Communication, Dissemination, and Engagement Research Program for the Prevention, Treatment and Cure of HIV
This program supports research on communication, dissemination and engagement to advance HIV prevention, treatment and cure. Communication and dissemination science involves the study and practice of creating, sharing and receiving information. Early work in mass communications and HIV outreach showed that the way in which health messages are shaped and delivered can significantly impact HIV-related behaviors, attitudes and policies. Ongoing efforts demonstrate that at each stage of the HIV care continuum, communication and dissemination science offers tools to inform the development of innovative health practices, meaningful provider guidelines, effective community engagement strategies, and evidence-based decision-making with the goal of expanding uptake of effective approaches to improve health outcomes. New digital technologies, including the advent of social media, offer increased opportunities for raising HIV awareness and optimizing positive health outcomes. Findings from clinical care settings demonstrate the importance of high-quality communication between patients and providers, and its direct impact on client comfort, trust and how information on HIV prevention and treatment is shared and received. Communication and dissemination science also allows us to maximize the transdisciplinary benefits of basic, behavioral and clinical science in mental health and HIV – bridging the gap between scientific knowledge, collaborative partnerships and community engagement. As such this program encourages the development of data and outcome-driven paradigms for sustainable learning, knowledge-exchange, and knowledge-utilization across a variety of disciplines, contexts, settings, and in communities that need them most. This program also supports domestic and global HIV research with special attention to those studies that address health disparities and engage underserved, under-resourced, and vulnerable populations.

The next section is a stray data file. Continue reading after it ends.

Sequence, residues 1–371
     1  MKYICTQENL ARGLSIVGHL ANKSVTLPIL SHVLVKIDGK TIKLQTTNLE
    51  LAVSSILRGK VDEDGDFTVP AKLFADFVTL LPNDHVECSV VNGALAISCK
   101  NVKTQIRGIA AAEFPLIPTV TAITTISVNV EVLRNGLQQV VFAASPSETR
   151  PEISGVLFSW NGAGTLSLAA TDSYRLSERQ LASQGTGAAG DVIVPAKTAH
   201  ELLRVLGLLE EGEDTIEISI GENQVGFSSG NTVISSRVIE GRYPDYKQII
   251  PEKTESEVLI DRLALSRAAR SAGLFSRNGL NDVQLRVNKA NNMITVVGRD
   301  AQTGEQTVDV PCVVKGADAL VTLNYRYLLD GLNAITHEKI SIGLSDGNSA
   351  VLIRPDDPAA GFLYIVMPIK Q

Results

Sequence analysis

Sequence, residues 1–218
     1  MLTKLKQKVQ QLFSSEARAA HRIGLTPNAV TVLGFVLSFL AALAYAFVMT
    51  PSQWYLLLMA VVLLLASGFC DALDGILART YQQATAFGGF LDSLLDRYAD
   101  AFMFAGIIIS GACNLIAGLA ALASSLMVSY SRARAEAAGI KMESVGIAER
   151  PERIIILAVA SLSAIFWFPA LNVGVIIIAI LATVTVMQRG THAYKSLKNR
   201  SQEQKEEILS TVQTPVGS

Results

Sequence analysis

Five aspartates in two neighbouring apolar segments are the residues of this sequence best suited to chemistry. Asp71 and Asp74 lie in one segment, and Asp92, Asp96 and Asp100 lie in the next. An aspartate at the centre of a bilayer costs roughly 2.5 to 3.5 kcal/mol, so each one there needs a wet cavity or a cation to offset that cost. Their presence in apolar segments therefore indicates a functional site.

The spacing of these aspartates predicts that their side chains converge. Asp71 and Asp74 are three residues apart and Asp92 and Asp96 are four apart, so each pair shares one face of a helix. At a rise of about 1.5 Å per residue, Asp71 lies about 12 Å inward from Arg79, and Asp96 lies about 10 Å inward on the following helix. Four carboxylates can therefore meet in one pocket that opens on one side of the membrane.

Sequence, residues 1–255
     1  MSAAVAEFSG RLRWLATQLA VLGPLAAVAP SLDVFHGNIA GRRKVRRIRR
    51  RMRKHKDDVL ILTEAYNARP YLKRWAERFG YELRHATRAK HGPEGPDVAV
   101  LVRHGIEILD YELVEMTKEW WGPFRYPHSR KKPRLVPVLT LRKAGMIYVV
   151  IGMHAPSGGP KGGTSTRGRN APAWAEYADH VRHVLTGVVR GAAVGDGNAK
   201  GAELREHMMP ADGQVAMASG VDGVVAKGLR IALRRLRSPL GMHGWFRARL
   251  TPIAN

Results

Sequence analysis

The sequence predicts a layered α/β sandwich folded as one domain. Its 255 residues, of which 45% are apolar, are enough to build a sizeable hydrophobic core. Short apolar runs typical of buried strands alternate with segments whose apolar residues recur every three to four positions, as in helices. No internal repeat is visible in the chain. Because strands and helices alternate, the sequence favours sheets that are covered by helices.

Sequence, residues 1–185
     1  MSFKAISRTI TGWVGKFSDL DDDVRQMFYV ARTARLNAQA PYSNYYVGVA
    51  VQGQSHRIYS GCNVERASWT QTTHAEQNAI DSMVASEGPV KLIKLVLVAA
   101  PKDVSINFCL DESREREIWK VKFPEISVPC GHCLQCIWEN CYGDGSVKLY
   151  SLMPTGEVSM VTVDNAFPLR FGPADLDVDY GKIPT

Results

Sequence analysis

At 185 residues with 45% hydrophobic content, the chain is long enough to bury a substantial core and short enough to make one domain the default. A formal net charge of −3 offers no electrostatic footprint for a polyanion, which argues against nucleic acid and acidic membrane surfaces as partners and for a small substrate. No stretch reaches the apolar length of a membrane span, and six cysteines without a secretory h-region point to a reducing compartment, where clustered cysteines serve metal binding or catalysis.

Areas of Emphasis
- Investigate and explore ways to improve public understanding of HIV through targeted messaging, community engagement, social marketing campaigns and other forms of strategic health communication to support individual, organizational and community-level understanding of HIV prevention, treatment and cure efforts.
- Develop and improve digital technologies and new media platforms to raise HIV awareness; support social interaction and learning; maximize community reach and engagement; reduce HIV-information disparities; and promote accurate and timely health information to users, groups, and geographic regions most impacted by HIV.
- Optimize effective communication and engagement practices between people living with HIV and healthcare providers, health systems, and other formal and informal care networks, in order to cultivate greater trust, support, and respect in care settings; facilitate enhanced information sharing and collaborative-decision making; and identify opportunities for effective, evidence-based, and client-centered interventions aimed at overcoming barriers to successful treatment, and linkage to care.
- Support research to reduce the impact of misinformation or poorly delivered communication, and its contribution to medical mistrust, stigma, racism, sexism, xenophobia and other negative attitudes, beliefs and behaviors that impede positive mental health and HIV outcomes.
- Investigate how communication strategies, message framing, and information-dissemination approaches from other health communication efforts may inform current and future HIV-related communication efforts and vice versa.
Gregory Greenwood, Ph.D., MPH
5601 Fishers Lane, 9G19
Rockville, MD 20852